Importantly for riders flying to their starting points, pressurised gas canisters cannot be transported by air, either in the hold or in cabin baggage. If you’re flying to your starting point, you’ll need to make sure suitable canisters can be bought on arrival.

2. Alcohol Stoves

Alcohol stoves are designed to burn high-strength liquid alcohol, of which methylated spirit and surgical spirit (aka: medical alcohol or rubbing alcohol) are probably the most common, though it’s also available in other forms.

The key is a very high alcohol content – at least 90%, preferably 95% or higher. Even the strongest homemade vodka will not work. Because of the many and varied uses of alcohol, some form will be available pretty much anywhere you find civilisation – even in ‘dry’ countries such as Iran. (There’s a very detailed list of stove-compatible fuels at Zenstoves.net.)

Alcohol is slower to cook over than gas or liquid fuel, but its wide availability and relative cleanliness is what makes it viable. Because the fuel does not need to be pressurised, these stoves tend to be even simpler and lightweight, making alcohol stoves a favourite with ultralight bikepackers. They don’t do well in very cold temperatures, however, and the unpressurised flame can be vulnerable to wind – hence why many alcohol stoves have integrated windshields.

The classic example of this type of stove is the Swedish-made Trangia, which is often referred to simply by the brand name. As 3.5 million viewers have so far discovered, it’s also possible to quickly and easily make your own alcohol stove from an empty drinks can. We’ll look at other models later on.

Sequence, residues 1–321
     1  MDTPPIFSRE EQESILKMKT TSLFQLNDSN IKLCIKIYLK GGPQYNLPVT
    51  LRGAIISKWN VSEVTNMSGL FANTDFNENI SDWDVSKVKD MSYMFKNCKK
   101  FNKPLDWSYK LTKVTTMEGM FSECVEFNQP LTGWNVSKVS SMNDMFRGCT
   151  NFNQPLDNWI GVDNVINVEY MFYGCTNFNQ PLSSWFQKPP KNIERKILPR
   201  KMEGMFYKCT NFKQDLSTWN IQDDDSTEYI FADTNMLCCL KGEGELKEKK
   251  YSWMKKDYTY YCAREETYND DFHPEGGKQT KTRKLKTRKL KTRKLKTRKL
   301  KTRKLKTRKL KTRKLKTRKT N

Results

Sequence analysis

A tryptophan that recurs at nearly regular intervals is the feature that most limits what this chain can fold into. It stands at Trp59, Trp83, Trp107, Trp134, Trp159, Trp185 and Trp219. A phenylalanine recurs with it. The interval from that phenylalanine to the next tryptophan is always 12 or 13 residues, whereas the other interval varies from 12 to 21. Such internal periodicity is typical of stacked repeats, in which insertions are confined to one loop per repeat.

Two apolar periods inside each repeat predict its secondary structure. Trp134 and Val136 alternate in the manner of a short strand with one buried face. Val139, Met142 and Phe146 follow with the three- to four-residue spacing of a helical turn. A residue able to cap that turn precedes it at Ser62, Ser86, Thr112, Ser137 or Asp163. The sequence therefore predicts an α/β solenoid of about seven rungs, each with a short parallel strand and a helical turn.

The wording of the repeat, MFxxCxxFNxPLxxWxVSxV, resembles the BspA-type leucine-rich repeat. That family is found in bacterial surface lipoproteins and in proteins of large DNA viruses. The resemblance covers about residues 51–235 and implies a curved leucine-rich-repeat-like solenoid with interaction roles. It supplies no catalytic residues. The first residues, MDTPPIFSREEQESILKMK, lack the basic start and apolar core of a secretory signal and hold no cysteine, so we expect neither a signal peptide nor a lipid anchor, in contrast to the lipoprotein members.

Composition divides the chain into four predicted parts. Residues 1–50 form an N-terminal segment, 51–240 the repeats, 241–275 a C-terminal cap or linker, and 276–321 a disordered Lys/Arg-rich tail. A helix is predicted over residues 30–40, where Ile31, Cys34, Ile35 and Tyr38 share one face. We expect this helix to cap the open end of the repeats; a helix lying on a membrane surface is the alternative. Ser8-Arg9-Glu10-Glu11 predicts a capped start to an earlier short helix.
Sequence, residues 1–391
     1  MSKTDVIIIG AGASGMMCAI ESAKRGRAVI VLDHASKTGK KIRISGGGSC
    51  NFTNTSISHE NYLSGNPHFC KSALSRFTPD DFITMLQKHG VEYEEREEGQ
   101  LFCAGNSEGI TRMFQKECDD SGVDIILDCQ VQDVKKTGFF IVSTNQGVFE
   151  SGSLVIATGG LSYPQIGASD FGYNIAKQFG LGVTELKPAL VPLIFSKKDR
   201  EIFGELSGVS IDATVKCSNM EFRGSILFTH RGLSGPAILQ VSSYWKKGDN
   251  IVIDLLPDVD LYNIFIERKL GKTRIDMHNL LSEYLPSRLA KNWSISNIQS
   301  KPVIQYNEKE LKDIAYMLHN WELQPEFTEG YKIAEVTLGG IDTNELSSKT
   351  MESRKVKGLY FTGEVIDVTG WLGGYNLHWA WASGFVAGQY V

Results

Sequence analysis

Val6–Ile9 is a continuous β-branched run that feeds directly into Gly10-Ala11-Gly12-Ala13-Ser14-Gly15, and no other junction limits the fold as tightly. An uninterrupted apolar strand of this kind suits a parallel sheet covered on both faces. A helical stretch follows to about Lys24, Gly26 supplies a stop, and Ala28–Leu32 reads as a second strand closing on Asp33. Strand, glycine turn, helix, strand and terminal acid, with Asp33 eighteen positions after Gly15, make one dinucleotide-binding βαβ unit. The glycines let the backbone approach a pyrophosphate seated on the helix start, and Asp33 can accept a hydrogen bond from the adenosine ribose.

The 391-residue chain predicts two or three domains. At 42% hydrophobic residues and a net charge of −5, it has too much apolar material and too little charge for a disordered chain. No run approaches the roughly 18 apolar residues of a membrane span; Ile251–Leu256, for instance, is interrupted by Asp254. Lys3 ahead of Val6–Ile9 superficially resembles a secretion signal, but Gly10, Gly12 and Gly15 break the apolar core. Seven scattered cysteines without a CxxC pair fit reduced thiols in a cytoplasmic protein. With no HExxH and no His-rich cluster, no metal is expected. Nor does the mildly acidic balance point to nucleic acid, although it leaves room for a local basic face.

Consisting of little more than a fuel pot with a few holes in it, alcohol stoves burn simply, cleanly and efficiently, needing no complicated mechanisms for pressurising the less volatile fuel. The fact that there are no moving parts to worry about makes them the most simple and durable stove you can get for a cycle tour or bikepacking trip – not to mention the lightest.

Some people are put off by the thought of having to find fuel in remote areas, and/or figure out what it’s called in the local language. But this is largely a hangover from when Google Translate didn’t exist and information on locally-available fuels wasn’t as easily available. In reality, alcohol stoves have happily taken people round the world and into the back of beyond, and will no doubt continue to do so.

3. Multi-Fuel (Liquid Fuel) Stoves

Multi-fuel or liquid fuel stoves are the most complicated and expensive type, designed to pressurise and vaporise many types of liquid hydrocarbon including paraffin (or kerosene), jet fuel (kerosene with additives), diesel, unleaded petrol (aka: benzine), and white gas (aka: Coleman fuel, which is a highly refined kind of petrol).